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Why Verizon should acquire Sprint (or at least try)


Recently I was talking with a friend in the industry about AT&T’s (NYSE:T) proposed acquisition of T-Mobile USA (NYSE:DT). The conversation turned to whether this gargantuan deal would ever be approved, and my friend made this observation:

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“If Verizon really wanted to kill this deal, it would only have to say it was buying Sprint.”

Absolutely brilliant! (My friend didn’t want to be identified. He actually has to work with these people.) If the FCC and the Justice Department are leaning toward approving the merger of the AT&T and T-Mobile, a similar proposal from Verizon Wireless (NYSE:VZ, NYSE:VOD) and Sprint (NYSE:S) would stop them in their tracks. The government may be willing to winnow the competitive market down to the three nationwide operators, but it would take a gigantic political and philosophical leap to justify only two.

So far, Verizon has remained neutral in this debate (CP: Sprint’s Hesse weighs in on AT&T-T-Mobile deal). The conspiracy theorist in me might suspect Verizon’s silence is due to some sinister plan to spring a mega-acquisition deal of its own, but I really doubt that VZW is considering such behind-the-scenes machinations. Considering the loose regulatory environment, there’s an ever-so-slight chance that the FCC and DOJ might approve a Sprint acquisition, and dealing with Sprint’s cornucopia of wireless networks—along with the multi-billion-dollar investment—may be the last thing Verizon wants right now. But VZW CEO Dan Mead must have at least thought about it. A bigger, badder AT&T with loads of spectrum and much more robust mobile broadband network certainly doesn’t do Verizon any favors.

The lynchpin to AT&T’s argument is that a combined AT&T and T-Mobile won’t reduce competition; rather it puts the two operators in a position to compete more effectively. And AT&T’s key exhibit is none other than Sprint. Sprint not only would be a third Tier I operator to balance out the market, but, unlike T-Mobile, it runs a next-generation mobile broadband service, WiMAX, which is competitive with VZW’s current and AT&T’s future long-term evolution (LTE) networks. AT&T can argue that in the grand scheme things, taking T-Mobile out of the market would be a wash. It can’t really make that argument if Sprint were removed, also.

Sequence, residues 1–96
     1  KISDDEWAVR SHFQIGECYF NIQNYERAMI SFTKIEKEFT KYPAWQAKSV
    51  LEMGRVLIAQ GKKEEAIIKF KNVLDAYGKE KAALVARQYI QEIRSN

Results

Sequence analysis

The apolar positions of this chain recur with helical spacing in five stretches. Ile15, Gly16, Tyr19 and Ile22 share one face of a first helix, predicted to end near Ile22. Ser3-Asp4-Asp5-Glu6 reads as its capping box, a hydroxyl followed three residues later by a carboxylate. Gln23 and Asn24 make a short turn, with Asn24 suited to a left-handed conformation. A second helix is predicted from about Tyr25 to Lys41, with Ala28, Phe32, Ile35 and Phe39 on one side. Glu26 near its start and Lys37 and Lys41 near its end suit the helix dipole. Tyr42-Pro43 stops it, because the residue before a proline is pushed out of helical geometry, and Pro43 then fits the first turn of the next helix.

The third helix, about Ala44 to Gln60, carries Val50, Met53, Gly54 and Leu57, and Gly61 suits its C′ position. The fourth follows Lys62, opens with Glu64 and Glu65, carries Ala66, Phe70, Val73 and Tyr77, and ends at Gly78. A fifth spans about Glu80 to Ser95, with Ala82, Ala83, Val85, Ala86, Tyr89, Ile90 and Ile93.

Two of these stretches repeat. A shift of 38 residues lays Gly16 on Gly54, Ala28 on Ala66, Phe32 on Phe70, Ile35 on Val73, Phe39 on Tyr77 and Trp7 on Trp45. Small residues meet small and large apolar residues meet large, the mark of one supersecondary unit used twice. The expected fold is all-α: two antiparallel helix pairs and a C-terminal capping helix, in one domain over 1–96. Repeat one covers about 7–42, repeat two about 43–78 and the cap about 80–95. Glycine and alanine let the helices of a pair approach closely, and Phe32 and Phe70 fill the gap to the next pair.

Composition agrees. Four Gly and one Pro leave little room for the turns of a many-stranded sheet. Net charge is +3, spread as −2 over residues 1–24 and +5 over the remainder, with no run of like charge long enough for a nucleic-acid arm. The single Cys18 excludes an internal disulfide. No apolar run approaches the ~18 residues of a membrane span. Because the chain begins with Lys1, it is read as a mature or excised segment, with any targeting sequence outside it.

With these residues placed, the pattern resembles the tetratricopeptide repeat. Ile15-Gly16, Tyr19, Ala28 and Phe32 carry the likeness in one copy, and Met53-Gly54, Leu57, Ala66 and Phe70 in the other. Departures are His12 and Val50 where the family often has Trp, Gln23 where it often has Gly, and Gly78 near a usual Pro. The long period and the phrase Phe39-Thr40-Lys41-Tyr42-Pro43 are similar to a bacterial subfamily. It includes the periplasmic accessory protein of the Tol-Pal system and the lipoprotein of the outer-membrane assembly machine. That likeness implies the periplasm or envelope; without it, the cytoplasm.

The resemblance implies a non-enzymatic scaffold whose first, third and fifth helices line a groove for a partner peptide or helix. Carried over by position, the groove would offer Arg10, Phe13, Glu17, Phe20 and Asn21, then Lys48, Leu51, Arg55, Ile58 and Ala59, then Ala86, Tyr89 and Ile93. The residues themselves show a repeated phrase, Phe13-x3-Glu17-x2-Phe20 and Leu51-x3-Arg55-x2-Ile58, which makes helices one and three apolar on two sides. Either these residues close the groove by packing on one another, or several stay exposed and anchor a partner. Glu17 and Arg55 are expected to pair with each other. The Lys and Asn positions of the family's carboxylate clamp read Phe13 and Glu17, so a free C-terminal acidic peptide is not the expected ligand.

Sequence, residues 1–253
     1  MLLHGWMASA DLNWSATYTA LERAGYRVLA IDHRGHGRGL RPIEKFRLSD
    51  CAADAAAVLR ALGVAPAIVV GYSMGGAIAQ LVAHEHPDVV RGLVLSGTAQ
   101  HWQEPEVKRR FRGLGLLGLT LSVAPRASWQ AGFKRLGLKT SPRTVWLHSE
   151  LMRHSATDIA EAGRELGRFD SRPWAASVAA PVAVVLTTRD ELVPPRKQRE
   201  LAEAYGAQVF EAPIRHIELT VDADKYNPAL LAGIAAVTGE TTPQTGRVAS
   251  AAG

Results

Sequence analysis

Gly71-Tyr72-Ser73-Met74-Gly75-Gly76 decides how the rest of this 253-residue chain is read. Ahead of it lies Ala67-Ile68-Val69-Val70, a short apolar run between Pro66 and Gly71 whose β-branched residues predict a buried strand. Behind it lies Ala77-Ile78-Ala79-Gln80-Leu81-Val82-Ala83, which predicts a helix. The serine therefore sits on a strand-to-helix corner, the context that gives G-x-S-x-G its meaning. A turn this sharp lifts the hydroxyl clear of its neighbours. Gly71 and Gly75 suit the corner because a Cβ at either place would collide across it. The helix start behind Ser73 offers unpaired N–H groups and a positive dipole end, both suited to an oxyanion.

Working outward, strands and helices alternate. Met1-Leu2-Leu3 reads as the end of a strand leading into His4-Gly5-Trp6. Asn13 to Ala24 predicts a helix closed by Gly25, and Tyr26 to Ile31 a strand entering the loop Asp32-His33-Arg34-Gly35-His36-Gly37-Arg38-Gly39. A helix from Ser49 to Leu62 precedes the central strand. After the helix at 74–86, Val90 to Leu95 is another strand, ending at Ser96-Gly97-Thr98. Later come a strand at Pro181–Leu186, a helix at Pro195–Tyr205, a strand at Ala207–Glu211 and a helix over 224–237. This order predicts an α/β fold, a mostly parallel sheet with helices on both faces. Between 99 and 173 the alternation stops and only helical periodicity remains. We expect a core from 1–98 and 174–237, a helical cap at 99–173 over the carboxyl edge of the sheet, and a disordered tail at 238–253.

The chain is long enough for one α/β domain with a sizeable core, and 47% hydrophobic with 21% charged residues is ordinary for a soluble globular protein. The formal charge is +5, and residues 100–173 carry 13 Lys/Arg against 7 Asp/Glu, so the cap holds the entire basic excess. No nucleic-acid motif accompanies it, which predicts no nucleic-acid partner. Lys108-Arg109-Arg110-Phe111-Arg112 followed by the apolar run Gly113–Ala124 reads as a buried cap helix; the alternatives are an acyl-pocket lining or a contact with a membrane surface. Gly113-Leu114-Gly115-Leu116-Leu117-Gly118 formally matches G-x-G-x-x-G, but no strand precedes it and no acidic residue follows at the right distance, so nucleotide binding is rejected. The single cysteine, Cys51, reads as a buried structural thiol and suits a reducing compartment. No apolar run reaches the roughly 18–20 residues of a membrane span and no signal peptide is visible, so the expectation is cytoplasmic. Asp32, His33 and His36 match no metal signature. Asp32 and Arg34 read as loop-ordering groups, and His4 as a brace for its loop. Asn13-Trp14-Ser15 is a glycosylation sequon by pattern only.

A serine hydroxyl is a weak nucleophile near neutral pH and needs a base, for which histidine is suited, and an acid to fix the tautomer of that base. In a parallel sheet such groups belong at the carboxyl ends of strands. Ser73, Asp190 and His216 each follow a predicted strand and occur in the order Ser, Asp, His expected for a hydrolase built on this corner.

AT&T is also claiming that the mobile broadband space has seen increased competition lately as new entrants like Clearwire (NASDAQ: CLWR) and LightSquared enter the market, each loaded up with new spectrum. Well, a VZW-Sprint merger would cut those new entrants in half, given Sprint’s ownership stake in Clearwire. To make its application credible, Verizon might offer to divest Sprint’s Clearwire assets, but Sprint is Clearwire’s largest wholesale customer and investor. If Sprint were to cut and run, Clearwire might simply fail.

LightSquared’s future also is far from assured. It faces regulatory issues problems over possible interference from its LTE network with GPS receivers as well as the prospects of raising more capital (CP: The LightSquared Enigma). One of the rumors bouncing around is LightSquared will partner with Sprint to hang its LTE network off Sprint’s radio-agnostic cell sites, saving LightSquared a lot of cash while locking Sprint in as a major wholesale customer. If Verizon were to buy Sprint that deal would be dead. No matter which way you look at it, a Verizon-Sprint merger would inhibit the number of competitive players in the market.

So in this outlandish scenario, could regulators allow an AT&T-T-Mobile deal to pass, but deny a Verizon-Sprint tie-up? I suppose you could make the argument that a combined Verizon-Sprint would be more damaging to the competitive landscape than a combined AT&T-T-Mobile for the reasons laid out above as well as from a perspective of sheer scale. Merging the No. 1 and No. 3 operators certainly would produce a much bigger entity than merging the No. 2 and No. 4. But aren’t we just talking about degrees here? Once you have more than a 100 million customers, you’re talking numbers bigger than the populations of most countries. Approving one while denying the other would be political untenable. The FCC is an independent agency, but I doubt it could withstand the inevitable accusations of hypocrisy.

Since AT&T made its big announcement last month, Sprint has claimed that the merger would create a de facto duopoly, reducing Sprint and the regional operators to insignificance. Well if both AT&T and Verizon were allowed to acquire their smaller counterparts, we’d have an unquestionable duopoly, which neither AT&T, nor the FCC, could argue their way around.
Maybe Verizon and Sprint will call AT&T’s bluff.


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